How Long Is Long Enough?

28 July 2011 By Claire Griffiths

There’s no barometer to officially measure the right amount of  time to stay on board a boat. But First Officer Ryan of M/Y Paramour hits the nail on the head when he says, "You need to balance happiness with ambition."

Junior crew are cut a bit of slack for moving and grooving out a career path and gaining experience by changing yachts, but for those who are serious about the boating business, there are unwritten rules.

Rule No. 1: staying at least a year, says Louisa Gallimore, Crew Manager at Bluewater Yachting. "Longevity is really, really important. Two years on board the same boat is nice to see on CVs."

Capt. Tom of M/Y Lionheart is more than happy to see young crew move on and climb up the professional ladder, but if deckhands and stewardesses start abandoning ship before the sun sets on a two-year stint, he would be distinctly unimpressed. "It depends how well you recruit in the first place," he says. "But I want two whole seasons out of my deckies and stews because we put a lot of work into training them for the boat. I’d be quite angry if they left before that."

In an ideal world, his senior crew would stay forever. Capt. Tom believes they are the best in the industry and at the top of their game. "We started rotating our chief engineers and ETO’s partly because we didn’t want them to leave and it’s the same with our head chefs. Rotating senior crew is becoming an industry standard."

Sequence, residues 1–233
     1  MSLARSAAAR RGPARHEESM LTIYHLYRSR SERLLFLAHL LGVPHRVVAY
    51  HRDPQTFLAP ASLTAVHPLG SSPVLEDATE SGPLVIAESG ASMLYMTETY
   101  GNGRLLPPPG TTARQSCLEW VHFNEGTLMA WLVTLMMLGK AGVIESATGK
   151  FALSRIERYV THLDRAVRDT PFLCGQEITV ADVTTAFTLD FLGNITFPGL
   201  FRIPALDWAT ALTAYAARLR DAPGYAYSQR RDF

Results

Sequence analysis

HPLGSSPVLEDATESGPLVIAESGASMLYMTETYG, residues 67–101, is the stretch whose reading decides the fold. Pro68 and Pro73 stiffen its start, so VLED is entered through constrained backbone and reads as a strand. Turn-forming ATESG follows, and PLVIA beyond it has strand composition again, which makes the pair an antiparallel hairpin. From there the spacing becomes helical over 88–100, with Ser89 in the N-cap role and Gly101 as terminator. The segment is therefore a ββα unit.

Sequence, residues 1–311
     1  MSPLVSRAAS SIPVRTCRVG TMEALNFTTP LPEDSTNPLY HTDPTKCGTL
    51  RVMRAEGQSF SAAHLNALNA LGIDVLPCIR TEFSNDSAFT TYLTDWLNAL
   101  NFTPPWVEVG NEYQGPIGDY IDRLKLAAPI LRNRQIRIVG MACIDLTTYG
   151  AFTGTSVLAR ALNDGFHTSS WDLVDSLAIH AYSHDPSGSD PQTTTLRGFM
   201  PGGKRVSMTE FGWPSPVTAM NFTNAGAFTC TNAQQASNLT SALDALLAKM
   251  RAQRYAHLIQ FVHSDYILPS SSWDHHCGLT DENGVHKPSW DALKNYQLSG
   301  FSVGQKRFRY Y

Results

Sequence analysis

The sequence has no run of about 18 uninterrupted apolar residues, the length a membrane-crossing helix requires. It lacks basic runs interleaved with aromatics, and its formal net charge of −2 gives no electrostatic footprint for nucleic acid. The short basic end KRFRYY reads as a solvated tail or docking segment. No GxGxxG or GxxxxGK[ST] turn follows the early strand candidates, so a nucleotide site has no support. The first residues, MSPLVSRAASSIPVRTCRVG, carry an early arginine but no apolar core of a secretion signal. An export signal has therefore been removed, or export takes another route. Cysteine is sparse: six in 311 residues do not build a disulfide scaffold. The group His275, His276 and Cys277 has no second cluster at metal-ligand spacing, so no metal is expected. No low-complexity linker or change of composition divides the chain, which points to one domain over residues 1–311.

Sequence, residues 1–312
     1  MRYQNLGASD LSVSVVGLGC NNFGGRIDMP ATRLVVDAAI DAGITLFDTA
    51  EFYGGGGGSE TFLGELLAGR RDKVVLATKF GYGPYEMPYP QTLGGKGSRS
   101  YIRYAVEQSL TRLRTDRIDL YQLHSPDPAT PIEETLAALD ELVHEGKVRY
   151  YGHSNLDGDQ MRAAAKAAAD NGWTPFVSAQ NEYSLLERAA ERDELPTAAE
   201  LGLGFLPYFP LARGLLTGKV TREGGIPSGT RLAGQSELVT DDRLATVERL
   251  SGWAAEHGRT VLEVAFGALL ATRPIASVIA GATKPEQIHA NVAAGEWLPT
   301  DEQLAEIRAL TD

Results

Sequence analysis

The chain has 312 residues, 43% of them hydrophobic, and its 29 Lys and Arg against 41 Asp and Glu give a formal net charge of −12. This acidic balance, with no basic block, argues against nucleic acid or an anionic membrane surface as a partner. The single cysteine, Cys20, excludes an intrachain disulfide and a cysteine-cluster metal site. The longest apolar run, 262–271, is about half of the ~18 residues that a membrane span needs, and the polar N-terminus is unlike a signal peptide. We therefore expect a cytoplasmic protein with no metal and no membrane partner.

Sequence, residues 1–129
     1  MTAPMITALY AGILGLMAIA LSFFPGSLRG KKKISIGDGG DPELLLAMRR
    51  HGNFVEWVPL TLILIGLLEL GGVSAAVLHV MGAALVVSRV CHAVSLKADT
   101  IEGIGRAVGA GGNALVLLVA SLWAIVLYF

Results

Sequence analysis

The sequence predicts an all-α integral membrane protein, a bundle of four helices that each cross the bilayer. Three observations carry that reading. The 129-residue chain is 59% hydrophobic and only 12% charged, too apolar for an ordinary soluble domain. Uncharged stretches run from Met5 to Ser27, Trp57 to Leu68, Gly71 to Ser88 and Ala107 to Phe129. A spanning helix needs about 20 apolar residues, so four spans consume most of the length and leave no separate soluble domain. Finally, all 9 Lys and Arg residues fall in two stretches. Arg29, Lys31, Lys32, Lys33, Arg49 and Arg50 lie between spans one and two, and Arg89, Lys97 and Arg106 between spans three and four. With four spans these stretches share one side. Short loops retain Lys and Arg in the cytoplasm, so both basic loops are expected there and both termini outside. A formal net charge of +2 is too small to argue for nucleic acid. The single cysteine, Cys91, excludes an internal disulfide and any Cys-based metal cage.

But speak to young crew and they paint a slightly different picture. Mate Regan of M/Y One O One has never stayed longer than a year, but he doesn’t rule out a more lengthy stint if things work well. "I stay as long as I feel happy. If you overstay, that’s when problems start and arguments. I know some guys who are miserable who’ve stayed three or four years on the same boat. The job gets stagnant, then your life becomes stagnant."

Chief Stewardess Melissa of M/Y One More Toy is happy to get two seasons out of junior stewardesses and believes the same "two-year" rule can apply to chief stewardesses and chefs, too. "It’s good for crew to have a change of chefs, if not they can get bored with the food. Longevity is not always a good thing, crew get a little bored and lose interest in the job."

"Most people leave ’coz of relationships with other crew, but we’re pretty close to perfect on M/Y Paramour!" says Bosun Paul. "You never find out the real deal until a month into the job, but captains can strike it lucky and pick up an amazing team."

For Gallimore, the chief engineer (for example) who has stayed seven years on board the same boat is not necessarily favored over another chief engineer who has hopped boats every two years, she explains, "Especially if the ‘hopper’ has progressed each time to larger boats gaining certification along the way."

But if you keep bunking off boats for no obvious professional/skill-related gain, eyebrows start rising.